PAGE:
Can we really not agree to additional time to negotiate?

22 November, 2019

I recently posted a blog on the court’s first instance decision in Cowan v Foreman & Ors [2019], in which Mr Justice Mostyn heavily discouraged the use of agreements to “stand still agreements” in 1975 Act claims (or, more specifically, agreements that no party would object to issuing the claim outside of the 6 month period). Mr Mostyn took the view that the claim in question did not have strong prospects of success and, despite evidence of such an agreement, dismissed the application.

The matter was reconsidered and reversed by the Court of Appeal. The first instance judge was considered to have erred in making the finding that there were no real prospects of success and, while it remains at the court’s discretion whether to extend the 6 month period for issuing a claim, Lady Justice Asplin emphasised that without prejudice negotiations should be encouraged. She made clear that “although the potential claimant will have to take a risk if an application is made subsequently to extend time in circumstances where negotiations have failed, if both parties have been legally represented, it seems… that it would be unlikely that the court would refuse to endorse the approach”.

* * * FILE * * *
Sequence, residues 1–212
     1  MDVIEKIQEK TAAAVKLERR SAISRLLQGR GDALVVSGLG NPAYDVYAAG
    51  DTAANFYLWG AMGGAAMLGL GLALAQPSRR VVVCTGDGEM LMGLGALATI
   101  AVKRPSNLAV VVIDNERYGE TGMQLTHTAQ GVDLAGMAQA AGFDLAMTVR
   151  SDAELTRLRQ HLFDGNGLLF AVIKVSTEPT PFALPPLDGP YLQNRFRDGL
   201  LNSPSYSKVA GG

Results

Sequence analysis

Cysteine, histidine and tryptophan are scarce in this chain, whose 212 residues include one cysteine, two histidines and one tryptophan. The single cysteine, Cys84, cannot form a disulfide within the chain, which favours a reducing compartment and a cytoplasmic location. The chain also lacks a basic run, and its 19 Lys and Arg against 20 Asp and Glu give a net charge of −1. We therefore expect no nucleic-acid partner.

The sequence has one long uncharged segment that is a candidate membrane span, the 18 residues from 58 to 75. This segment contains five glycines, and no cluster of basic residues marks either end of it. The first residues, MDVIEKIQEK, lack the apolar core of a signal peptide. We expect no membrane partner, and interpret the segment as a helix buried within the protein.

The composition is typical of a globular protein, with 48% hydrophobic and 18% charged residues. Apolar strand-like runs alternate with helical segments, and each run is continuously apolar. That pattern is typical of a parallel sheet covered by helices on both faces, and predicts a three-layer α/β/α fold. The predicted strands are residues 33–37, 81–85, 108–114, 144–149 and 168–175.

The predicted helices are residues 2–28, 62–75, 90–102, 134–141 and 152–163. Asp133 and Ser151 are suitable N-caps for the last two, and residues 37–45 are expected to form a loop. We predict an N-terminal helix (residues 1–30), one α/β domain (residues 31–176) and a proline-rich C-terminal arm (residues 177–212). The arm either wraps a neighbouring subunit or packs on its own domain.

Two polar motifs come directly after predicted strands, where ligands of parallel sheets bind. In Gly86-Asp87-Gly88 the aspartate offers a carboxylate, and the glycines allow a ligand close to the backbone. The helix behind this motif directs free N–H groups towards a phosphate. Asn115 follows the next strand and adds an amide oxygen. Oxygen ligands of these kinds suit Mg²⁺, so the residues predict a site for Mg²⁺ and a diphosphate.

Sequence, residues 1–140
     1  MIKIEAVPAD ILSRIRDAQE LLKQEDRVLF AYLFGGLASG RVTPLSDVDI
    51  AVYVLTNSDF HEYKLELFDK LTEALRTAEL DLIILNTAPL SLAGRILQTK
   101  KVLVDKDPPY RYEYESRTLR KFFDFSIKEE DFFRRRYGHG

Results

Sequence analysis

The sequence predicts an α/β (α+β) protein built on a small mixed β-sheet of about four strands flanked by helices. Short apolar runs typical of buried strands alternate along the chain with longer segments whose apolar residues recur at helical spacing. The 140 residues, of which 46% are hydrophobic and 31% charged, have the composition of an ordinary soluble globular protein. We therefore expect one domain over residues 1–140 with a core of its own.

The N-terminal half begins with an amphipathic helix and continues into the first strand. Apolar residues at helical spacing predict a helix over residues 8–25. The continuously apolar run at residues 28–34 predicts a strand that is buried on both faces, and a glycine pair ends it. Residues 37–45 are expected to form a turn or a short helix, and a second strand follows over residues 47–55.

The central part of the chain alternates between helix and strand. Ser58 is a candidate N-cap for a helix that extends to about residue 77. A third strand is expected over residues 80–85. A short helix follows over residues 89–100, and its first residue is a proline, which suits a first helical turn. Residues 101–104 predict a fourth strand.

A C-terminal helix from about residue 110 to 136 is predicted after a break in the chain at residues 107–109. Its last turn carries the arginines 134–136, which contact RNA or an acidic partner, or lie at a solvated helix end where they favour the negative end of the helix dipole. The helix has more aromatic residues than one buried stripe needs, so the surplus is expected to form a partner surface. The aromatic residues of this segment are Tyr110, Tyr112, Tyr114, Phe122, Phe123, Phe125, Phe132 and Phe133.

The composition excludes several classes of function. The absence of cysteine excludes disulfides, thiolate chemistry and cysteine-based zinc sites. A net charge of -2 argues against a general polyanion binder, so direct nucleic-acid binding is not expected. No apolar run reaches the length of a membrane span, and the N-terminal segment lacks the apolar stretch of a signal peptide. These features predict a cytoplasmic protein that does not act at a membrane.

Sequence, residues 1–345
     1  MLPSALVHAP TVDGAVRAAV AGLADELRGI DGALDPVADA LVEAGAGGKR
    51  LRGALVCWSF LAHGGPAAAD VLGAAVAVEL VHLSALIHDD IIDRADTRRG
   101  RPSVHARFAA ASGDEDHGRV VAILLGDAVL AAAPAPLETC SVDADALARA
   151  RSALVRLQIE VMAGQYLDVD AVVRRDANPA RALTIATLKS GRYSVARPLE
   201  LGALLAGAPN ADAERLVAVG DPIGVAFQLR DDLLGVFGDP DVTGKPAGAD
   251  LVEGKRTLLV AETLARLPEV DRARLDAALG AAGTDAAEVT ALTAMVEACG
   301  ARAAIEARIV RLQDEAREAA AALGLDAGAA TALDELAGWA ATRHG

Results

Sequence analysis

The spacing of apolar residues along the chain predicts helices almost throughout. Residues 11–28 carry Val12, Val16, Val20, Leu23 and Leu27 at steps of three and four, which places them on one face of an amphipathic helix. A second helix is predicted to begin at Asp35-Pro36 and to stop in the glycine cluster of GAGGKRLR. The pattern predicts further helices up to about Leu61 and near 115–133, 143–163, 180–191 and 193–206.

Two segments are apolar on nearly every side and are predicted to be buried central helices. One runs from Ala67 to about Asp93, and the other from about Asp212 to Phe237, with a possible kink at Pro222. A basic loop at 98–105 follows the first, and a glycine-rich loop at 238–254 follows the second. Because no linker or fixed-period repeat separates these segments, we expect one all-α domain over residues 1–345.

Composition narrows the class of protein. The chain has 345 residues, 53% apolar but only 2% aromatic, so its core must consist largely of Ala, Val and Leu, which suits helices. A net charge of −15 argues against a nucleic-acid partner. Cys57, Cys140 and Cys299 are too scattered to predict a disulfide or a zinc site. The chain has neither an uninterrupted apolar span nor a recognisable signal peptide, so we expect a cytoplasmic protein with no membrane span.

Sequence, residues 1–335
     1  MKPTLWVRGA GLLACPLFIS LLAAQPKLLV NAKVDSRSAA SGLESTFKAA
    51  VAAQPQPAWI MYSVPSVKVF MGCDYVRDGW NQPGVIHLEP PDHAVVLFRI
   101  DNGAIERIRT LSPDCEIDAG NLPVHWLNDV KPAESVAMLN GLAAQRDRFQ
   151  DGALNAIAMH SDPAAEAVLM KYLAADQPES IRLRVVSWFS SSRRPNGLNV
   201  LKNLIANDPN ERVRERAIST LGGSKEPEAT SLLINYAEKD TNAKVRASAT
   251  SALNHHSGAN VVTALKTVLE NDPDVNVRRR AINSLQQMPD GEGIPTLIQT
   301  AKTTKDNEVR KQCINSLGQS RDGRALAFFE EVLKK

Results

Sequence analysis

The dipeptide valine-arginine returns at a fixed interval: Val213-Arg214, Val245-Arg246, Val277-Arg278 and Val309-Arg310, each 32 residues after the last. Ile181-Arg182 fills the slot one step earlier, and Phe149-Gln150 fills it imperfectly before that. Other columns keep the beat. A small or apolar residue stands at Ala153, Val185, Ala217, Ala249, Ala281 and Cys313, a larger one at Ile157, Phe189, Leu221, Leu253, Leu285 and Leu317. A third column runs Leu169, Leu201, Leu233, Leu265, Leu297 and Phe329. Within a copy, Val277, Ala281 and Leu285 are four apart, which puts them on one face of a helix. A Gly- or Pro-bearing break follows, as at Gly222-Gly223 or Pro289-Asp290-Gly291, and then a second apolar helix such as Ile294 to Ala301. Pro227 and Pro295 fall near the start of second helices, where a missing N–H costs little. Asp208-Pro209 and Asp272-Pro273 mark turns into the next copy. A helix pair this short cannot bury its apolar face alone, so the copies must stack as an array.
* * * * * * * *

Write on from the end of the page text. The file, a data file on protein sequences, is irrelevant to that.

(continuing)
While this is very helpful guidance, particularly considering the confusion that followed from the first instance decision, any party considering how best to proceed in similar circumstances should be seeking legal advice at the earliest opportunity.

If you have any queries in respect of the above please contact Dino Sikkel on: 01732 224 024 or by email: dino.sikkel@crippspg.co.uk.